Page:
Unseen nighttime portraits of Karl Lagerfeld showcased in Berlin
Commemorating the one-year anniversary of the influential designer’s death, Hotel de Rome presents a series of unseen photographs exploring Lagerfeld’s personal connection with the city
When German photographer Daniel Biskup heard Karl Lagerfeld would be in Berlin, friends and colleagues warned that the fashion icon wouldn’t permit photographs. It was 2002 and Lagerfeld would be visiting for a pop-up exhibition featuring his own photographs — of musicians as well as behind-the-scenes shots from Chanel campaigns — at a former butchery in Mitte. Not easily discouraged, Biskup went shopping and bought a black cashmere trench coat and black Gucci shirt. Wearing the new garments, he showed up to the vernissage of Lagerfeld’s exhibition, boldly introduced himself in French, and asked if he could make some portraits. Lagerfeld, Biskup says, looked him up and down, paying particular attention to the trench, and said, ‘When everything is finished here, come to me and we will see.’
Fast forward a few hours, and from 10pm to 3am, the photographer and designer wandered Berlin’s streets and subway stations, trailed by a security team carrying a crate of Lagerfeld’s drink of choice: Pepsi Light. Almost all of resulting images from that night have remained unseen — until now. Opening today at Hotel de Rome in Berlin is ‘Karl Lagerfeld in Berlin’; an exhibition featuring 20 of Biskup’s intimate portraits, in remembrance of the icon exactly one year after his passing. Accompanying the show, specifically held at Hotel de Rome because it was Lagerfeld’s hotel of choice when in Berlin, is a new coffee table book featuring an even wider selection of Biskrup’s images.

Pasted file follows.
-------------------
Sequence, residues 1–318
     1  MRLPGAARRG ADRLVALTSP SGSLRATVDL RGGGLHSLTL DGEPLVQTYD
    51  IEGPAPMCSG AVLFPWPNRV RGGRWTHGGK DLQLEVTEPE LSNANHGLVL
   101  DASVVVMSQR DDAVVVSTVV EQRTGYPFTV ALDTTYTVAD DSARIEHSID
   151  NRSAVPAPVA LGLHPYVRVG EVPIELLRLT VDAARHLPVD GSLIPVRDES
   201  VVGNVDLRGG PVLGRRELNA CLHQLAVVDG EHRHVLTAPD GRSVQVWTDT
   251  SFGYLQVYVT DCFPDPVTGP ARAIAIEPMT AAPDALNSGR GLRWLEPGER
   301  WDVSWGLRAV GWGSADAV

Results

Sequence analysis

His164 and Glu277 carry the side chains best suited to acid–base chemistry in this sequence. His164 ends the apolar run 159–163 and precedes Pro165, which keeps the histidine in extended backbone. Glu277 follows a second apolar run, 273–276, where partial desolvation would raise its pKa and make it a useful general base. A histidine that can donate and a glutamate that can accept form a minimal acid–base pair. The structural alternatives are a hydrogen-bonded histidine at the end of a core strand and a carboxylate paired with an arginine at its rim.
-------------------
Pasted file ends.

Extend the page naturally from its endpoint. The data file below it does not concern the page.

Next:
‘People think, "Karl Lagerfeld was so untouchable," but that night, it was completley different’ — Daniel Biskup
In the series of nearly 40 of photographs, we watch Lagerfeld walk through the distinct, orange-tiled corridor at the Rosa-Luxemburg-Platz train station (‘He took this subway station as a runway,’ Biskup remembers); standing on a balcony overlooking Gendarmenmarkt, a picturesque historical square; picking up the pink receiver of a T-Mobile payphone; and even giving autographs to passerby (‘He was so friendly to everyone,’ Biskrup recalls). Lagerfeld took to Biskup’s creative direction, bestowing upon the photographer a type of collaboration that he doesn’t often encounter. ‘It was a big gift, what he did for me that night,’ Biskrup says. ‘People think, "Karl Lagerfeld was so untouchable," but that night, it was completely different.’ §